Listening to the guys can be good ...

There are numerous instances of equipment being fielded that don't seem to be designed with actual fighting fully in mind, particularly with respect to use and repair.

One of the designs that seems to have taken this on board is the A-10 and another is the MG 42. Taking the latter, we even have a case of a non-weaponeer coming up with a good design by the GOYA and listening principles, From Herr Wiki:

Of the number of proposals submitted, Großfuß AG's proved to be the best design, by far, employing a unique recoil-operated roller locking mechanism whereas the two competing designs used a gas-actuated system.[SUP][/SUP] Interestingly, the company had no prior experience in weapons manufacture, specializing in pressed and stamped steel parts (the company's staple product was sheet metal lanterns).[SUP][/SUP] Ernst Grunow, one of the leading design engineers with Großfuß, knew nothing about machine guns when he was given the task of being involved with the project, but he specialized in the technology of mass production. Grunow would attend an army machine gunner's course in order to familiarize himself with the utility and characteristics of such a weapon, also seeking input from soldiers. He then recycled an existing Mauser-developed operating system and incorporated features from his experiences with army machine gunners and lessons learned during the early stages of the war.[SUP][/SUP] The new design required considerably less tooling and was much simpler to build—it took 75 man hours to complete the new gun as opposed to 150 man hours for the MG 34 (a 50% reduction), and cost 250 RM as opposed to 327 RM (a 24% reduction). The MG 42 was made out of stamped metal, making it much easier to produce than other machine guns.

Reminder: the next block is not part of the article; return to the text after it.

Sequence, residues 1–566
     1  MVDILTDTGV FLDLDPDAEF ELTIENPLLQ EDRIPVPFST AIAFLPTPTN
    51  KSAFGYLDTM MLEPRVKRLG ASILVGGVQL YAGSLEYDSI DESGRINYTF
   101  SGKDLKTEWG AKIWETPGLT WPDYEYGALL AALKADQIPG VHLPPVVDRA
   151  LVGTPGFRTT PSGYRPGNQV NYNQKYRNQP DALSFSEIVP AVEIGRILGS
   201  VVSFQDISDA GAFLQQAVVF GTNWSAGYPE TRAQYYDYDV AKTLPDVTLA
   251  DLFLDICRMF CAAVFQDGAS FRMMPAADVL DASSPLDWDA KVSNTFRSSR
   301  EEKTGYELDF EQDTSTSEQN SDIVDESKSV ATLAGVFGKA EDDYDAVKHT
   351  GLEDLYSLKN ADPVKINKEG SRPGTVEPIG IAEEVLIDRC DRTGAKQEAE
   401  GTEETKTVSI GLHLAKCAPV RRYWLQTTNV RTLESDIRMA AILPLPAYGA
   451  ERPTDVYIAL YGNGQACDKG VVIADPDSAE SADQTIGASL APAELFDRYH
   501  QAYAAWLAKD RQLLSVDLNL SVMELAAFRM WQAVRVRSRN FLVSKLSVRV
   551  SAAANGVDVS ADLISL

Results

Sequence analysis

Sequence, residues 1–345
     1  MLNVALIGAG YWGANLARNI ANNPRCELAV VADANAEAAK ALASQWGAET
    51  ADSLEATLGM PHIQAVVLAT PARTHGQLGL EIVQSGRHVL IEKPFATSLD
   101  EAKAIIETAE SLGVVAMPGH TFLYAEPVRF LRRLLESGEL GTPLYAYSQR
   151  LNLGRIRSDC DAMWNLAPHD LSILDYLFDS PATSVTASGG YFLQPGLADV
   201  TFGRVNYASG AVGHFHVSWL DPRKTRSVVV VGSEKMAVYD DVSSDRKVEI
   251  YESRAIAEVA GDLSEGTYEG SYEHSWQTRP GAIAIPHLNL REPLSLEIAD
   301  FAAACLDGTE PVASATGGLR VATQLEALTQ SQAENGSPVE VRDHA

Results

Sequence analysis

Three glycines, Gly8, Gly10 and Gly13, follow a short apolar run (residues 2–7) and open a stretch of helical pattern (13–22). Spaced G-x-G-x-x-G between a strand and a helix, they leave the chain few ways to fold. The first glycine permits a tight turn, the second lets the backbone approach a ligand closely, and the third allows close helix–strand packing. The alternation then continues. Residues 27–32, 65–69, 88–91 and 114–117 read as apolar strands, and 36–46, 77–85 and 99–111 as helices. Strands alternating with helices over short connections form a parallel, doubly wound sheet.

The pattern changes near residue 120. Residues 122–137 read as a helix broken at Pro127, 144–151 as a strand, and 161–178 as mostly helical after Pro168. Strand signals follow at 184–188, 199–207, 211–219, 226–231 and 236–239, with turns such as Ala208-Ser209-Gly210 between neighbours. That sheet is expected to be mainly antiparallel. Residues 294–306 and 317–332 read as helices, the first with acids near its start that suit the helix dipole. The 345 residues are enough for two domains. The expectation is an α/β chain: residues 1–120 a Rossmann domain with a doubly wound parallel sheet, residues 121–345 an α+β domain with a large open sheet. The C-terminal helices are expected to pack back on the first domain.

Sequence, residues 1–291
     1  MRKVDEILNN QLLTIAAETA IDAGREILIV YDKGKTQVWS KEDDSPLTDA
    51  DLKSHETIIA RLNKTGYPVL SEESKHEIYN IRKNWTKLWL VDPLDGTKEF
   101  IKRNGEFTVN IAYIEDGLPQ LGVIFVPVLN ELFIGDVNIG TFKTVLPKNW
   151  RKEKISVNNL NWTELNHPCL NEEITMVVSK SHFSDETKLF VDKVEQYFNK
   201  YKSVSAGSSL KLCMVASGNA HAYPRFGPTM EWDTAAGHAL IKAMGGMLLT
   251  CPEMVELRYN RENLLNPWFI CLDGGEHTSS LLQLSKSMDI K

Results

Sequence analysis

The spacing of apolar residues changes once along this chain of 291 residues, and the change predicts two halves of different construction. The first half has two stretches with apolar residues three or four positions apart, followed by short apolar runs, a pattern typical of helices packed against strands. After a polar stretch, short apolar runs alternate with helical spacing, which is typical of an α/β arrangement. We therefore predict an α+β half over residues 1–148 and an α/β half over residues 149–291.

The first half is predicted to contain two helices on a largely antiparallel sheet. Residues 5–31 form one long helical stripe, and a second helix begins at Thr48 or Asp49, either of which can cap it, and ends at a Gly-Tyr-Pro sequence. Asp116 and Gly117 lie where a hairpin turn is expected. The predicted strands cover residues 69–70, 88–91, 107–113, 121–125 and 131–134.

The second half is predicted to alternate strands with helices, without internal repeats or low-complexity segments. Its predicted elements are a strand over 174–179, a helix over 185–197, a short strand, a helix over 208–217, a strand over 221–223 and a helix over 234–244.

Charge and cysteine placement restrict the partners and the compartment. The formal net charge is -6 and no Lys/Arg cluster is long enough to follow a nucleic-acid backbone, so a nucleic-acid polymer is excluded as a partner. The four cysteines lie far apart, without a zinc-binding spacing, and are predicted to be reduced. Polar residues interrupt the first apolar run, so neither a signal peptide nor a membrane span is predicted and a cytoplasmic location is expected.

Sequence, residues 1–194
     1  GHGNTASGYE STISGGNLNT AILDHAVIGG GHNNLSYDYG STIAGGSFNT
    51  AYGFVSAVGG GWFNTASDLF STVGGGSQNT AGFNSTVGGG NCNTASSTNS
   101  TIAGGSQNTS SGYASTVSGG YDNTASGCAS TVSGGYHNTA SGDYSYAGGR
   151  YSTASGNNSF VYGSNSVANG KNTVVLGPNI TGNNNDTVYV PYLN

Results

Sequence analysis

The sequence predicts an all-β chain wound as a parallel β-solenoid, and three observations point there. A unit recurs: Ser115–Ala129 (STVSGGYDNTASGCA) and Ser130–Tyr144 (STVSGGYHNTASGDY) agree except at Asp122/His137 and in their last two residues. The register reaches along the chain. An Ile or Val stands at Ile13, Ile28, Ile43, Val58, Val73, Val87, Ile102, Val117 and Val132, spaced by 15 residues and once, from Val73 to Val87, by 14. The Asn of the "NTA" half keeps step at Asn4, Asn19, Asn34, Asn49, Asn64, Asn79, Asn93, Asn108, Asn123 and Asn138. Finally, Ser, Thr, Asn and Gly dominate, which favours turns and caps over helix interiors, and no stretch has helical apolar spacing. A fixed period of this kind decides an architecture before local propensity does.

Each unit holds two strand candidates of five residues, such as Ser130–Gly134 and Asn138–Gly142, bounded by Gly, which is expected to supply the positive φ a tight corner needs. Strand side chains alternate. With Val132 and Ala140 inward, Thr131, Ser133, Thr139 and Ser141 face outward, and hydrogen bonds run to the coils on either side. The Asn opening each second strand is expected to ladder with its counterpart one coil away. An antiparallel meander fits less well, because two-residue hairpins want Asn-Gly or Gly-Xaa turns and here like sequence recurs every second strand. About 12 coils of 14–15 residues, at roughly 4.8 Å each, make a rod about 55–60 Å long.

What other equipment do you think fits the bill of actually being designed with actual fighting in mind?

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